The private entity that runs the Austin Business and Entrepreneurship Academy two weeks ago decided not to renew its contract to oversee the 5-year-old high school.
That means, as of June, the academy will no longer be independently run and will become a part of the Chicago Public Schools system.
CPS officials and those from American Quality Schools, which oversees ABEA, as well as elementary schools in Chicago and other states, met with parents and school staff at a meeting last Wednesday. A packed audience filled the auditorium of the Austin High School campus at 231 N. Pine.
Officials insisted that ABEA would remain open but will now become a CPS school.
As for the students, officials said the current senior class will graduate this June and will not be affected by the change. Certain programs at the school will also remain unchanged. Students, they insist, will not be displaced to other schools and that new programs will be added.
ABEA will become the first Renaissance 2010 school to transition to CPS. AQS will operate the Business Academy until July 1.
Parents at last Wednesday’s meeting expressed concerns about the future of the school and its teachers.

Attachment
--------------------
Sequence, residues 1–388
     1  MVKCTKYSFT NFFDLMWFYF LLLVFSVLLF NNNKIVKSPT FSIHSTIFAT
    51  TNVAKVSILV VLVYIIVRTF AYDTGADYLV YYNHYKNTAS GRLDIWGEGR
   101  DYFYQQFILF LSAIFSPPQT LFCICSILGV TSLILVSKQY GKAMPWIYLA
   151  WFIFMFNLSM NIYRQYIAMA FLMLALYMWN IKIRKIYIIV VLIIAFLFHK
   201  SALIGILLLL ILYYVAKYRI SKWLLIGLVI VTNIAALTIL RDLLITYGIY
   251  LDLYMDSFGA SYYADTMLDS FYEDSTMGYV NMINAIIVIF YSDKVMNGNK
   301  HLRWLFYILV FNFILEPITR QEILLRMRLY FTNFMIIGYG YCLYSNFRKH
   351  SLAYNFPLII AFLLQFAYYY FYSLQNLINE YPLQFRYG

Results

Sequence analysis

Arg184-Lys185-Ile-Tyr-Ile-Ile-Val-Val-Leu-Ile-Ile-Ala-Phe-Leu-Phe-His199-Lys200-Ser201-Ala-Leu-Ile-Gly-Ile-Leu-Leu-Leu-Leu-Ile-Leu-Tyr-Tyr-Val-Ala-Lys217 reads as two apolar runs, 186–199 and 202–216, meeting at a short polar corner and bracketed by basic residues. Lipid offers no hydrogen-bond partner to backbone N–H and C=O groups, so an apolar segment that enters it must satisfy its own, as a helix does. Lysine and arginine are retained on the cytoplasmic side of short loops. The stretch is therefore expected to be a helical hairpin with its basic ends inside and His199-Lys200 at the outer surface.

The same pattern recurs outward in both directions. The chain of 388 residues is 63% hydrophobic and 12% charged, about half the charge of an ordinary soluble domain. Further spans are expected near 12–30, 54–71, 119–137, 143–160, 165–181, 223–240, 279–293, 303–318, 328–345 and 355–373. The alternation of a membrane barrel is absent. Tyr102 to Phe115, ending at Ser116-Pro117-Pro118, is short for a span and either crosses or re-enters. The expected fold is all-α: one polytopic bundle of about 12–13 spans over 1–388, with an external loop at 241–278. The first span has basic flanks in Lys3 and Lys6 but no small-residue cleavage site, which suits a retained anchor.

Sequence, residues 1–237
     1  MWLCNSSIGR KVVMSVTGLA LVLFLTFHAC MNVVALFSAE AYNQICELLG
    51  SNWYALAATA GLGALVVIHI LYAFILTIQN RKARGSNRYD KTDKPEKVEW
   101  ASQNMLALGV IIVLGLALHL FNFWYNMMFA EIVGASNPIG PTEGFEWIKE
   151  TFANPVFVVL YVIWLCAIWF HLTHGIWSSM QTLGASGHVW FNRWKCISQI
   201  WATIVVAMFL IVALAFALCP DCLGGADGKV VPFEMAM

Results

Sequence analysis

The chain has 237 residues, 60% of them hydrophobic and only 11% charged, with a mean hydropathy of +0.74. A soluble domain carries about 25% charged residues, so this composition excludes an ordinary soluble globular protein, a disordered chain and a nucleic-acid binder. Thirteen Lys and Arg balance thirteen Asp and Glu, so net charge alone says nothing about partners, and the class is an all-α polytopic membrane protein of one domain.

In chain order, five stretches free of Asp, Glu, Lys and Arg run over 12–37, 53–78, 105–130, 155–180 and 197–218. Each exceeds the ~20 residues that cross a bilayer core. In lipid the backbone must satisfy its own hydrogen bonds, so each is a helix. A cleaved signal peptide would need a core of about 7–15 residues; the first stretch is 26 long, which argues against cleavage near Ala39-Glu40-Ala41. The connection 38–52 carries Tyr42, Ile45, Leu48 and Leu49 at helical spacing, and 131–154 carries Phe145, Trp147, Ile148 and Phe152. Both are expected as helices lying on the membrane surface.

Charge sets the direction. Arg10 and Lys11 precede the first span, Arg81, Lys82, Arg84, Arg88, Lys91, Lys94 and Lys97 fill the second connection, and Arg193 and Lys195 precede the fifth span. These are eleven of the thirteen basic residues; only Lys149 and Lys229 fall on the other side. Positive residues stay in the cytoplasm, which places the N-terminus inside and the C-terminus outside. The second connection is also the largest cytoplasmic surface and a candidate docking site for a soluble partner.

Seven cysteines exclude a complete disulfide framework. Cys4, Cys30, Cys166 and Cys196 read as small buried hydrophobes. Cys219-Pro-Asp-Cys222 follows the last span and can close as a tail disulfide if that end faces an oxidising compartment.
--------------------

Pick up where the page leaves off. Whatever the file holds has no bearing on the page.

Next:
Robert Runcie, an official with CPS, said the teachers would have to reapply to work at the school now that it’s under new leadership. Certain qualifications and certifications, he explained, are required for teachers to work under CPS.
Still, many parents felt that if their teachers were qualified to work at ABEA then they should be qualified to work with CPS and should be automatically retained.
But under the Ren 2010 system, the organizations that run those schools hire their own teachers. All of ABEA’s teachers are employed by American Quality Schools. And those instructors are not necessarily required to have specific state-mandated teacher certificates to work at a public school. That point has also been one of the concerns of opponents to the privately-run school concept.
Runcie told parents that CPS would try to hire as many of the current teachers as possible but could not guarantee how many or who they would be.
A question was asked about the school’s current principal Jasmine Mitchell, who’s been at the school for several months now. CPS officials did not say definitively if she would be retained but said she’ll continue on during the transition process. Speaking to Austin Weekly News last week, Mitchell said she’s in talks with CPS about remaining the school’s principal after the transition. She said that decision could likely come sometime this week.